February 26, 2024

Alumnus Nahum Alem, B.S. ASE 2018, was presented with the Black Engineer of the Year (BEYA) Modern-Day Technology Leader Award at the 2024 BEYA DTX Conference on Feb. 16. The awards, presented annually at the BEYA STEM conference, are granted to individuals in the workforce for their outstanding work in the field of STEM.

“Nahum was selected because he is among an extraordinary group of forward-thinking STEM experts,” said Tyrone D. Taborn, chairman of the BEYA STEM DTX Conference. “This year the candidates were the strongest and represented the most diverse collection of executive professionals we have had the pleasure of evaluating. From machine learning to medical breakthroughs, this year’s BEYA STEM awardees stand out as superior authorities in their respective fields.”

Alem currently works as an aerospace engineer at the NASA Ames Research Center and answered a few questions for us about the award and his UT experience.

What does it mean for you to be recognized with this award?

This award means so much to me. It’s an honor and a privilege to be recognized among fellow STEM professionals across the country. I was extremely humbled to be on stage with other award winners. I’m thankful for the help and support of my colleagues, family and friends. I’ve been fortunate with the guidance I’ve received in my career, and this award motivates me to pay it forward to the next generation.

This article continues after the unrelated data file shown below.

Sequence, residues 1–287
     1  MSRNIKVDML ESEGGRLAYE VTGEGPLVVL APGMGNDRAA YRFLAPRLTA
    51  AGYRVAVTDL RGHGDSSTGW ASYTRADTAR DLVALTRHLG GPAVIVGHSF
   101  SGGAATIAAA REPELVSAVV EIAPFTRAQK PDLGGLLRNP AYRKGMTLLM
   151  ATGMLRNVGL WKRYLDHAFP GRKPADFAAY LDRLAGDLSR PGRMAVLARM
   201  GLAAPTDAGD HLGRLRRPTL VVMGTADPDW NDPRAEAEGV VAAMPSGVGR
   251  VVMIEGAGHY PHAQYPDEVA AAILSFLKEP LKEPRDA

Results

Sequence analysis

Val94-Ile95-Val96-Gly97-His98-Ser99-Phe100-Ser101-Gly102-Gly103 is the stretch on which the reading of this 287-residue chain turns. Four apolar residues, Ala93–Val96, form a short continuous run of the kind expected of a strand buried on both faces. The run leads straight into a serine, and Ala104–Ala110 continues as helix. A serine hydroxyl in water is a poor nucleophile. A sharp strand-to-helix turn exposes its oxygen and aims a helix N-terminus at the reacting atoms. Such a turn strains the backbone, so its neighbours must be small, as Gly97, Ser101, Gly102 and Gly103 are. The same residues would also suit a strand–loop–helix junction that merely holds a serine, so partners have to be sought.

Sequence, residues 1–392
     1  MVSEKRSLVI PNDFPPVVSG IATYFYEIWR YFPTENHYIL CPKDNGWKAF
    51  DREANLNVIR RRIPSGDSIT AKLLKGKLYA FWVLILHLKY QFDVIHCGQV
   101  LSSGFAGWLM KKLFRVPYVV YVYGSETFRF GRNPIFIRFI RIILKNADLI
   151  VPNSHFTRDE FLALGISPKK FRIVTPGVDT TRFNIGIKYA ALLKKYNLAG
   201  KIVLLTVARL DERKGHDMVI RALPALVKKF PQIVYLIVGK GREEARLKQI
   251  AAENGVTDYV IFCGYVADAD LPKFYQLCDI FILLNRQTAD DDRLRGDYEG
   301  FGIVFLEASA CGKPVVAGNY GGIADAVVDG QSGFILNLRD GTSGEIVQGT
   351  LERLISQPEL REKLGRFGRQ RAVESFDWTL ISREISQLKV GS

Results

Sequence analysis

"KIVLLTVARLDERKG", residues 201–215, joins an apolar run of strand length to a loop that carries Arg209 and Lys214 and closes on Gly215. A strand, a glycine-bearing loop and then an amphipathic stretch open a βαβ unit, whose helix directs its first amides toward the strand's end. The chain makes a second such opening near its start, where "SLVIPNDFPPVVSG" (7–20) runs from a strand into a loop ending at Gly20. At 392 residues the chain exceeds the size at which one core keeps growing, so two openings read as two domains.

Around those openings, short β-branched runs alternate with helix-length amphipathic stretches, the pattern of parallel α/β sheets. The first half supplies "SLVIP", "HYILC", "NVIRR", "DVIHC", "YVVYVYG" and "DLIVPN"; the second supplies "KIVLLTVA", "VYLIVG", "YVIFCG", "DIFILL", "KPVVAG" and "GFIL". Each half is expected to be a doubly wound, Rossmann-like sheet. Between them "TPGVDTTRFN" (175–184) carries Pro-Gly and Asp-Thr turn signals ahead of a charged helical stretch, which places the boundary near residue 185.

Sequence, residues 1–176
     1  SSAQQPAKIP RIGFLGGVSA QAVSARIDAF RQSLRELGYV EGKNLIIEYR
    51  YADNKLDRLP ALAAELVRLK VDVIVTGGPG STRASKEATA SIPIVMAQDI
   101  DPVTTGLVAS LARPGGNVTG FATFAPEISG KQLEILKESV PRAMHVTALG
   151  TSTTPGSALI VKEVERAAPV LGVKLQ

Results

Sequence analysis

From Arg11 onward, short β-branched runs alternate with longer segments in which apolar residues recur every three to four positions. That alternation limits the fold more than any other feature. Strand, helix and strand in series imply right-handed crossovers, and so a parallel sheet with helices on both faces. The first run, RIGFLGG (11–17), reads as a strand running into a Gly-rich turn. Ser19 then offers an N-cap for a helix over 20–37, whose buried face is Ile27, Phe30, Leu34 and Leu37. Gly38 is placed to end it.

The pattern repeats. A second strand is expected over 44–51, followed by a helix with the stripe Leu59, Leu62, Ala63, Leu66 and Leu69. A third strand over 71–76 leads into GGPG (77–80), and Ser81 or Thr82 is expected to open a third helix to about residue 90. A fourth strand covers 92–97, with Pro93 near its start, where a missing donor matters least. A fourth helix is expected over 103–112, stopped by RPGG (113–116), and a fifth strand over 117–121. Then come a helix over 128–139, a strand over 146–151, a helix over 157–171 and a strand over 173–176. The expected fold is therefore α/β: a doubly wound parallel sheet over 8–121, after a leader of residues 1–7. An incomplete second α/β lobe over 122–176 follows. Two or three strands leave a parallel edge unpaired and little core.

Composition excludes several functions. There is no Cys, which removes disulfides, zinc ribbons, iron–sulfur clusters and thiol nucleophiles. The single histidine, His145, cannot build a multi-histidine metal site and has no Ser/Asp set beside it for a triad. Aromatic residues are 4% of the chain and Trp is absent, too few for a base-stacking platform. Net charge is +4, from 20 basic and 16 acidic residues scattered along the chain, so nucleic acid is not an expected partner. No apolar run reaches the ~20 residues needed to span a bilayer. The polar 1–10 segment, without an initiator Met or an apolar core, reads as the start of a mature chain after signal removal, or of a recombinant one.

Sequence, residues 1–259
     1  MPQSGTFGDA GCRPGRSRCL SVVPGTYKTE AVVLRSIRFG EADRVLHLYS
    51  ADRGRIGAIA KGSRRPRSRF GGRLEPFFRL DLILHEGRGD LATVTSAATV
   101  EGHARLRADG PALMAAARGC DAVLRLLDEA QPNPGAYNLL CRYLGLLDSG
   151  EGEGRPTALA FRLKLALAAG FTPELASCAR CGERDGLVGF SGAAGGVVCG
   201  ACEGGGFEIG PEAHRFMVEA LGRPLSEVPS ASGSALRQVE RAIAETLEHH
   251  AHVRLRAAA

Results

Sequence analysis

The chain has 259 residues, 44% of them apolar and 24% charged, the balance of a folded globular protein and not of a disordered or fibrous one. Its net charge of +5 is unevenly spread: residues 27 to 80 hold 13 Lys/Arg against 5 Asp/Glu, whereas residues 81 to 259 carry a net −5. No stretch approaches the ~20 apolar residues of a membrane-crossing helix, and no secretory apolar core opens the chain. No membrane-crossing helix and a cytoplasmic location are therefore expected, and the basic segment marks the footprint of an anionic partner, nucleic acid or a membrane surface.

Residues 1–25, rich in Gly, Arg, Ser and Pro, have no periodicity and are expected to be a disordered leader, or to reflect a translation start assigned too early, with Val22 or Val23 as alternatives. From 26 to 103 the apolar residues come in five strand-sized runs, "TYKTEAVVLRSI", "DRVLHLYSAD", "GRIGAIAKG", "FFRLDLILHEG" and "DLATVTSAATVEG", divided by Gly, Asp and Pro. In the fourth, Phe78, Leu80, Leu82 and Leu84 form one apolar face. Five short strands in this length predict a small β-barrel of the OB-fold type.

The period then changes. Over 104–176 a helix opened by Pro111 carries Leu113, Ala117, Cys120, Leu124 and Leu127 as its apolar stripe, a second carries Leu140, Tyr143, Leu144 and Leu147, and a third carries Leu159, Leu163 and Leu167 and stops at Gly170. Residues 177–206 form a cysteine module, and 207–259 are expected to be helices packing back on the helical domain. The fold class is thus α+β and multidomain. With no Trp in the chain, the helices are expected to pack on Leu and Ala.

Tell us about your current position at NASA.

I work on the flight dynamics team at NASA Ames, where we provide orbital mechanics support in all mission phases, from mission design to launch and operations. I’m currently the flight dynamics lead for the Starling mission, which is now seven months into operations after launching last summer!

How did your experience as a UT aerospace engineering student help you get where you are today?

Being a part of student projects and organizations helped me so much, especially with problem-solving, teamwork and communications skills. These skills are very important in my role at NASA. In addition to soft skills, I use what I learned in my aerospace engineering courses every day at my job. I keep textbooks from my orbital mechanics, spacecraft mission design and spacecraft dynamics classes at my desk that I reference often.

What advice would you offer to minorities pursuing a career in aerospace/STEM?

My advice to students pursuing STEM is to not let anyone make you feel like you don’t belong. It is common to have feelings of self-doubt when working in a challenging field. There are many ways to cope with these feelings, but I’ve found that reaching out to mentors for practical advice and support really helps me overcome this. Above all, make sure to choose a discipline you enjoy!